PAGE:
Eli Lilly agreed on January 4, 2007 to pay up to $500 million to settle 18,000 lawsuits from people who claimed they developed diabetes or other diseases after taking Zyprexa. Including earlier settlements over Zyprexa, Lilly has now agreed to pay at least $1.2 billion to 28,500 people who claim they were injured by the drug. At least 1,200 suits are still pending, the company said. About 20 million people worldwide have taken Zyprexa since its introduction in 1996.[6]

The signs of violence and suicidality were there since Prozac was tested in premarketing trials. In May 1984, Germany’s regulatory agency (Bundesgesundheitsamt, BGA) rejected Prozac as “totally unsuitable for treating depression.” In July 1985, Eli Lilly’s own data analysis—from a pool of 1,427 patients—showed high incidence of adverse drug effects and evidence of drug-induced violence in some patients.[11] In May 1985, FDA’s (then) chief safety investigator, Dr. Richard Kapit, wrote: “Unlike traditional tricyclic antidepressants fluoxetine’s profile of adverse side effects more closely resembles that of a stimulant drug than one that causes sedation.” He warned: “It is fluoxetine’s particular profile of adverse side-effects which may perhaps, in the future give rise to the greatest clinical liabilities in the use of this medication to treat depression.”[12]

Dr. Kapit’s safety review described the clinical trial data from 46 trials with a total of 1,427 patients. He noted under the section, “Catastrophic and Serious Events,” 52 cases of “egregiously abnormal laboratory reports which were the reason for early termination,” and “additional adverse event reports not reported by the company [which] were revealed on microfiche.” Dr. Kapit reported: “In most cases, these adverse events involved the onset of an unreported psychotic episode.” There were ten reports of psychotic episodes; two reports of completed suicides; 13 attempted suicides; four seizures—including a healthy volunteer; and four reports of movement disorders.

In 1985 Dr. Kapit recommended “labeling warning [for] the physician that such signs and symptoms of depression may be exacerbated by this drug”. No such warning was issued until 2004. SOURCE

Prozac and Depression


Darvon, Distalgesic, Co-Proxamol – the worst drugs ever

Transcript of the presentation here.

Image and video hosting by TinyPic

Controversial Modus Operandus

Eli Lilly has been featured as one of the most unethical of all drug companies by the Wall Street Journal, edition of November 14, 1996.
For the pharmaceuticals industry, persuading able-bodied people to sample untried and potentially dangerous drugs is a tough sell. To woo their human subjects, most companies have to advertise heavily and shell out $125 or so a day, occasionally as much as $250; SmithKline Beecham PLC even pays referral bonuses. By contrast, Lilly advertises less frequently and, at $85 a day, pays what competitors believe is the lowest per diem in the business.

Alone among its peers, Lilly has become a potent magnet for homeless people. For more than two decades, Lilly’s testing clinic has drawn from the ranks of the homeless, often alcoholic men who drift in and out of Indianapolis’s church-run inner-city missions. Some mission directors privately express misgivings about this but say they are reluctant to speak up because they receive funding from a foundation built on Lilly stock, even though the foundation is independent of the company and its clinic.

Word of mouth about testing at Lilly — a company best known for the blockbuster drug Prozac — has gradually spread through soup kitchens, prisons and shelters from coast to coast. Today, so many homeless men come to Indianapolis seeking admittance to Lilly’s research clinic that Matias Vega, medical director of the local Homeless Initiative Program, credits the clinic with creating a “shadow economy.” One veteran nurse at the Lilly Clinic says that the majority of its subjects are homeless alcoholics.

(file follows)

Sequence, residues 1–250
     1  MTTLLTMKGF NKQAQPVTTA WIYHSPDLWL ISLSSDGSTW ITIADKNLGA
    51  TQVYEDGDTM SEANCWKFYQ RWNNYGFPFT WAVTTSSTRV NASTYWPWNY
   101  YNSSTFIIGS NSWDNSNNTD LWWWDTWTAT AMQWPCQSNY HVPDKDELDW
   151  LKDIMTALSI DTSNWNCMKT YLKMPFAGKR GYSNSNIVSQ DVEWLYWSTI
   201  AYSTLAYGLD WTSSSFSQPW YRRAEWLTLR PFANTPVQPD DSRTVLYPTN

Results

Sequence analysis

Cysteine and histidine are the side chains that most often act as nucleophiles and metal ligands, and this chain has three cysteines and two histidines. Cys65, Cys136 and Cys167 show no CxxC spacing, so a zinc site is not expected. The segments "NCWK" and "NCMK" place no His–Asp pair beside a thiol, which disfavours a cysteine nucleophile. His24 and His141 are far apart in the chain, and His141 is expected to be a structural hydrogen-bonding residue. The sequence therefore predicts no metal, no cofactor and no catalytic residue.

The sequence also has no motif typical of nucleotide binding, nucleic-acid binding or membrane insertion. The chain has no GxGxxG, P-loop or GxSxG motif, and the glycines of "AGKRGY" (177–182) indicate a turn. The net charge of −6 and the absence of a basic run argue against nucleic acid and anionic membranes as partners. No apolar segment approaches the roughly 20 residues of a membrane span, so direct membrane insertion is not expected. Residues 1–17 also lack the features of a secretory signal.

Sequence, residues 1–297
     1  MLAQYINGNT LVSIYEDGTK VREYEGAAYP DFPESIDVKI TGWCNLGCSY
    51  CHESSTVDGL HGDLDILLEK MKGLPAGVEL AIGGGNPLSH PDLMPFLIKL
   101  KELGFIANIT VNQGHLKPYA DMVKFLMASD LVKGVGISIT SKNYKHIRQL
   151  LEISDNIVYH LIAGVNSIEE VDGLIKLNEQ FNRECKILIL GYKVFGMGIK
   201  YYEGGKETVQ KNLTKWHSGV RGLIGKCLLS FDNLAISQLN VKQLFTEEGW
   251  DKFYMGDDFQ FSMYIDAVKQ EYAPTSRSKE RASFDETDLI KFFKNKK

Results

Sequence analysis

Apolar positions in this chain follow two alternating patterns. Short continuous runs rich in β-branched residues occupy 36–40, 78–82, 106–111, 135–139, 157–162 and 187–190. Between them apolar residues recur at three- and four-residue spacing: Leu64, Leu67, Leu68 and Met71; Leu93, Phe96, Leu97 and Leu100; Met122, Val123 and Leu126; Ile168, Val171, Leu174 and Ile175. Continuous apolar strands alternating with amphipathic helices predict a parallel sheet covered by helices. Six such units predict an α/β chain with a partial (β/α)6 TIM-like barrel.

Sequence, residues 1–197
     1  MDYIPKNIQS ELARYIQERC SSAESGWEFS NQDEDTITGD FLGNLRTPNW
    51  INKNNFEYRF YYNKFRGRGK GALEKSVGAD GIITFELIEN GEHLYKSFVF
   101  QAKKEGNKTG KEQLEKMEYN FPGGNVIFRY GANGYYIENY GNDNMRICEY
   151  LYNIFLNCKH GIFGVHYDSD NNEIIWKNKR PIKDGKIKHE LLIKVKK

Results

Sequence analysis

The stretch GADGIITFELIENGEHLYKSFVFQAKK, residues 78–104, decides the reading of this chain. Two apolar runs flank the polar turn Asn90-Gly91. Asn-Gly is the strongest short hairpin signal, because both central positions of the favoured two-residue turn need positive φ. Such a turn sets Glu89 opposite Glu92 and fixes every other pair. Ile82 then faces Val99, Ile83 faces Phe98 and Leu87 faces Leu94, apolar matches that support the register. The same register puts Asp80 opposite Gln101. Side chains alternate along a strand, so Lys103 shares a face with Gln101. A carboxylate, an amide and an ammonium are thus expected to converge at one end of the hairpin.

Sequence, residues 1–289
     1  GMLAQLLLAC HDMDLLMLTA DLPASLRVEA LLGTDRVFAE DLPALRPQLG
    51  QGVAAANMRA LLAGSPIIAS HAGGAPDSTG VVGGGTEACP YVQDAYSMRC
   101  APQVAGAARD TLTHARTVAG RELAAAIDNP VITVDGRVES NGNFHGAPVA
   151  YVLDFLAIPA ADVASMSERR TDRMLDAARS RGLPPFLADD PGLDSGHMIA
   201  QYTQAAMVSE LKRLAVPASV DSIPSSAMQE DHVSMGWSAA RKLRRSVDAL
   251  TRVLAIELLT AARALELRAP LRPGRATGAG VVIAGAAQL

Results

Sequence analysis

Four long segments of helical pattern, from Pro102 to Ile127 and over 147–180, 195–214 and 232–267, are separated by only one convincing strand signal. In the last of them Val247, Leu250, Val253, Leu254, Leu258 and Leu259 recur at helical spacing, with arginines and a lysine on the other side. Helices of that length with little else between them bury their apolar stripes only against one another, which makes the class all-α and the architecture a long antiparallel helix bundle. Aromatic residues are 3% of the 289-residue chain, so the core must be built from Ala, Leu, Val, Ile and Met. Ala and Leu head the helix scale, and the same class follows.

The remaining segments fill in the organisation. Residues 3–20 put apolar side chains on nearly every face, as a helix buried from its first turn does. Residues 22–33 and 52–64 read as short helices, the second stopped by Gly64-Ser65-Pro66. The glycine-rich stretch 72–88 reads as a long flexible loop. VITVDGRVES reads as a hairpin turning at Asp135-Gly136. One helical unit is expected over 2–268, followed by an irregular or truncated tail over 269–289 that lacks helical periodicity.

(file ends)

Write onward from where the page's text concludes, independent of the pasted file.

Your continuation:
Dr. Thompson says the practice of using homeless people was well under way when he arrived at Lilly in 1982. “We were constantly talking about whether we were exploiting the homeless,” he recalls. “But there were a lot of them who were willing to stay in the hospital for four weeks.”

He says an independent board that oversees the clinic approved the practice. Both the board and Lilly’s top executives felt that employing the homeless was a philanthropic act, Dr. Thompson explains, adding that he, too, took this position. “Providing them with a nice warm bed and good medical care and sending them out drug- and alcohol-free was a positive thing to do,” Dr. Thompson says.

Lilly has persisted in this approach despite drawing regulatory censure following a 1993 disaster with an experimental hepatitis drug called FIAU. (See article below.) But as for Lilly’s overall safety record, the FDA has no way of knowing, because oversight of Phase I testing is limited. Robert Temple, an official of the FDA’s Center for Drug Evaluation and Research, says: “We haven’t seen anything that makes Lilly look worse [than other drug companies], but we haven’t looked.”
FDA Once Chastised Lilly For Using Alcoholics in Study

In 1994, the Food and Drug Administration issued an unusual rebuke to Eli Lilly & Co. for using alcoholics in a drug study that triggered the company’s most public drug-testing disaster.

The experimental drug, known as FIAU, was intended to treat hepatitis B. In early 1993, two subjects who took FIAU in a trial at Lilly’s Indianapolis clinic experienced liver abnormalities, and one was hospitalized. The drug also was given to 15 people with hepatitis, who were enrolled in a Phase II trial at the National Institutes of Health. Five later developed toxic liver reactions and died.

In the aftermath, the FDA took Lilly to task for using two supposedly healthy test subjects who turned out to be alcoholics. In a previously undisclosed warning letter to Lilly Chairman Randall Tobias, the FDA told Lilly that “the use of volunteers with a history of daily alcohol intake … is not in keeping with good clinical investigational practice.” SOURCE

Supplemental Material:

  1. Schizophrenia Drugs (Zyprexa, Risperdal, Seroquel) FDA …

  2. The Dangers of Vaccines – Part 1 (Autism, Mercury, MMR, HPV, Thimerosal, Aluminium, Vaccinations)

    Part 2

  3. Mercury and the brain do not mix:

    How Mercury Causes Brain Neuron Damage – Uni. of Calgary

  4. Eli Lilly Zyprexa Litigation, including legal documents.
  5. Prozac in the Drinking Water! – Nutrition by Natalie

  6. Hippocratic Oath and Primum Non Nocere
Next Page »

Blog at WordPress.com.